The fastest growing population in the American prison system is women; over 950,000 women are currently under some form of correctional supervision. Some prison reform advocates say time behind bars may pay the inmates' debt to society, but society is the loser in the long run, they add, because of the often devastating effect incarceration has on female prisoners' families.

After finishing a book on a last chance high school in New York City for troubled teen girls, journalist Christina Rathbone set her sights on the next stop for many of those young women: prison. She spent the next five years interviewing female inmates at MCI Framingham prison in Massachusetts.

"MCI Framingham, where I did my research, is the oldest running prison for women in America," she says. "It was the perfect location to spend some time because I could tell, through spending time there, the whole history of women in prison in this country, as well as some of the stories of women who are in prison today."

Rathbone says she found many aspects of life behind bars familiar. "Like any building being lived in by 500 to 600 women, it was really a space of women getting together, trying to help each other, perhaps falling into rather bitter cliques," she says. "But certainly not a place where women were attacking each other or threatening each other, the way so often happens in men prisons. This comes from the reality that almost none of them are violent offenders. More than two-thirds of men are incarcerated for crimes against people and property, like theft, assault, murder and so forth. The same amount of women, more than two-thirds, are incarcerated for crimes that have to do with bringing pain and injury only to themselves, crimes related to sex abuse and drug abuse."

She was surprised to learn that most of the women at Framingham were the primary caretakers of their children. "The fact that they have been locked up for often long sentences for these minor, nonviolent crimes means that their children are left without any caretaker at all," she says. "So not only are we punishing the mothers for their questionable choices, but we're also punishing the generation after them."

In her book, A World Apart: Women, Prison, and Life Behind Bars, Rathbone puts a human face on the statistics and provides often heart-breaking portraits of the women she came to know. "The main character in my book, a woman I call Denise, had a 9-year-old son when she was sent away. And he was 14 by the time she was released," she says. "When she was sent away, he was a normal little boy who loved Beanie Babies and ice hockey. By the time she got out, he had been abused by his father, with whom he went to live, removed from his father's care and placed in foster care. There, he was moved around from place to place, and abused, and stolen from, until finally, in a desperate bid for attention, he started to shoplift. By the time Denise finally got out for her five years for her non-violent first-time offense, her own son was in the juvenile facility serving time for shoplifting himself."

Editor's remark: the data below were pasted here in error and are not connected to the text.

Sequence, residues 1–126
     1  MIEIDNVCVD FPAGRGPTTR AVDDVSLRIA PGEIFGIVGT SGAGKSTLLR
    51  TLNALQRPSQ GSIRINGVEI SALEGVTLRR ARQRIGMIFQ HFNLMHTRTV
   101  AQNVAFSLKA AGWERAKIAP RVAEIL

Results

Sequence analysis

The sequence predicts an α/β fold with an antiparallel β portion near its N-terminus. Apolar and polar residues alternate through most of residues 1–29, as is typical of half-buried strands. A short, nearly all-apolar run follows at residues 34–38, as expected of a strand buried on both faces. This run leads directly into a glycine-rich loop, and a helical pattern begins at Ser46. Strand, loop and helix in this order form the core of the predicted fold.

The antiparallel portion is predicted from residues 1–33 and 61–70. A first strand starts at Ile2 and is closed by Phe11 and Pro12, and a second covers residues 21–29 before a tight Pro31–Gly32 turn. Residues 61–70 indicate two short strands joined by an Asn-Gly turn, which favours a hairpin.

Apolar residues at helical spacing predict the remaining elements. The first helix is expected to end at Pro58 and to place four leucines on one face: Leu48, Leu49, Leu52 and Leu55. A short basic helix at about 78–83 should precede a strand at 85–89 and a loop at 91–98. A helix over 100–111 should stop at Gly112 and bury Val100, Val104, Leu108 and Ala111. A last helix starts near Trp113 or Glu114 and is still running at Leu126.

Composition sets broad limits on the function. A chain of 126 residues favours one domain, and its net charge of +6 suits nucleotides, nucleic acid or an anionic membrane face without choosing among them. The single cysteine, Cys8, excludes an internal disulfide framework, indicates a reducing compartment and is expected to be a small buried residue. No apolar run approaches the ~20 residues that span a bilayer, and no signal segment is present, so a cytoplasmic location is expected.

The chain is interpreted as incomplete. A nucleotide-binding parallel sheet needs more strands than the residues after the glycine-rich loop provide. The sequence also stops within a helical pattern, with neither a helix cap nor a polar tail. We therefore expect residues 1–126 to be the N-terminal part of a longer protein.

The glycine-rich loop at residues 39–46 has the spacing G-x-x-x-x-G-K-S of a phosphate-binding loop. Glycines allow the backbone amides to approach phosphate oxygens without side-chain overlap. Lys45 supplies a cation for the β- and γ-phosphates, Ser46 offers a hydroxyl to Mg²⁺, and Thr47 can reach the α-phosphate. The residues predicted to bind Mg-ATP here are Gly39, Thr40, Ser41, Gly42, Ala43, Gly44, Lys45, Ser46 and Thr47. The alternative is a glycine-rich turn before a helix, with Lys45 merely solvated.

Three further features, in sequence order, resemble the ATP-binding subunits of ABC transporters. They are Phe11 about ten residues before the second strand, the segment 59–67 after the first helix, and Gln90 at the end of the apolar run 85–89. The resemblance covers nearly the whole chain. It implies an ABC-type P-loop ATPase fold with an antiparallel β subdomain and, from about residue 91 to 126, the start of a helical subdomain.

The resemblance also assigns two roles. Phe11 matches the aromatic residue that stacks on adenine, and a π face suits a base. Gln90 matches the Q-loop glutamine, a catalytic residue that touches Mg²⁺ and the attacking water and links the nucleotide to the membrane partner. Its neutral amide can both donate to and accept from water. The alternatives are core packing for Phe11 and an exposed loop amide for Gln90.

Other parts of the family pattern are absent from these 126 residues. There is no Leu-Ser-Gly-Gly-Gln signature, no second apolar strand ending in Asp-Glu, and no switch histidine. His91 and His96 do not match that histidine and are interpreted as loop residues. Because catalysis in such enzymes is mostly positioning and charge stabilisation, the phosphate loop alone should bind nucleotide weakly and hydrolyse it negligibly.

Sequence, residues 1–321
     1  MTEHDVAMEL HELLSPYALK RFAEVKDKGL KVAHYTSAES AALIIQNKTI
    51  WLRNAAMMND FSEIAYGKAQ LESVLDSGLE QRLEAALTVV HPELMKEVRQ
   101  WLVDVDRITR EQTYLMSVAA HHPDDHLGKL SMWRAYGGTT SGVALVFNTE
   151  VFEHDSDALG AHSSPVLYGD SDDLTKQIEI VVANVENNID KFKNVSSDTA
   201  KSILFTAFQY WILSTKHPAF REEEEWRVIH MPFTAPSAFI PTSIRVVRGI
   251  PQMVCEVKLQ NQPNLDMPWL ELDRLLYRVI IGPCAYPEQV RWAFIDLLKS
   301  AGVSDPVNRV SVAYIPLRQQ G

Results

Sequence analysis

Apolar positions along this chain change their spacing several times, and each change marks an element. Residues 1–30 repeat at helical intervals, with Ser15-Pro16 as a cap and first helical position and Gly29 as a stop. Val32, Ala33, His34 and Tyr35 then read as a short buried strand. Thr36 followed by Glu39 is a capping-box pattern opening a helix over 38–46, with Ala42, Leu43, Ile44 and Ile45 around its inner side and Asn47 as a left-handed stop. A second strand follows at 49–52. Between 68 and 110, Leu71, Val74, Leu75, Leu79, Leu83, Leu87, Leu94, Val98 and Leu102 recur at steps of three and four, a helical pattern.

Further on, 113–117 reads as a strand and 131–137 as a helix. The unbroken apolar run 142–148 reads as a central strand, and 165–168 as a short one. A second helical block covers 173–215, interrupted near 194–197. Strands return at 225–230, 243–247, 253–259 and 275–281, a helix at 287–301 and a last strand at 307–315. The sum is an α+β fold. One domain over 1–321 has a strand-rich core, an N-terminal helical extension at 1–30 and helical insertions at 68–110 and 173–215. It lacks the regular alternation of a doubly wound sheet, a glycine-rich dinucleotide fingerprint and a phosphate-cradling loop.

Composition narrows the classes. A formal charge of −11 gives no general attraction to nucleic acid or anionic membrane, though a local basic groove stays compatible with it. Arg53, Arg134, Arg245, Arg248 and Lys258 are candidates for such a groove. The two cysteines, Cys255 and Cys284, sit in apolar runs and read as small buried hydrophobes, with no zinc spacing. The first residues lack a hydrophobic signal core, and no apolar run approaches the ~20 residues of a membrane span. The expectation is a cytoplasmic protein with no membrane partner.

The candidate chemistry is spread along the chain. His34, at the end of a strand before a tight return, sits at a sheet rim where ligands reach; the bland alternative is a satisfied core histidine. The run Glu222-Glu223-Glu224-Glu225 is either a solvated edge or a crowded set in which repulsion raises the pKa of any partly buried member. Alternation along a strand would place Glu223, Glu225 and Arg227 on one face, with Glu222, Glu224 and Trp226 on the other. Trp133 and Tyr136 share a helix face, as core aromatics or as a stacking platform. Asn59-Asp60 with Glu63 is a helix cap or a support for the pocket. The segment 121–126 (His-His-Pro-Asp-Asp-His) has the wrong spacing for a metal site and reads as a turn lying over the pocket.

"What really concerns me more than anything is the ability of these women to take care of their children," says Massachusetts State Representative Kay Khan, a strong advocate for protecting inmates' mother-child relationships.

Representative Khan has been working on a number of bills that would provide female inmates with the knowledge and means they need to stay in touch with their children. "While they are in prison, the children could have the opportunity to stay with their mothers, and mothers can learn how to bond with their children and how to take care of them, and learn the things that are needed in order to continue to care for their children when they leave the prison," she says. "This, I think, can help them recognize what they might need to be doing and thinking about in the future, rather than going back to the life they were in before they came into the criminal justice system."

Author Christina Rathbone says sometimes, something as simple as a free phone call can make a huge difference for children. "Most people in prison can only make collect calls from prison," she says. "That means that if their child is in the foster care system, they can never call their children because no state agency accepts collect calls. Many of the children I met and spoke with didn't really understand why it was that their mothers couldn't come home. And more troubling, didn't understand why their mothers couldn't call them on their birthday or at holidays."

Rathbone says while it's crucial to maintain the bond between mothers behind bars and children outside prison, any effort to reform the current criminal justice system must look beyond the end of the women's sentences. "Too large a segment of our population believes that offering education to people in prison is a waste of money, when it has actually been proven time and time again in studies that it costs infinitely less money to educate someone in prison and then have them released and not return to prison than to do nothing with them in there and have them just come right back," she says, "because it costs an average of about $40,000 a year to hold someone in prison in this country. $40,000 a year! That's more than it costs to go to Harvard and we're getting nothing for it, not even a high school diploma."

Rathbone says these women came into prison under-employed, but if they're given the appropriate educational and training opportunities, they will leave prison with options for making a decent living - and life - for themselves and their children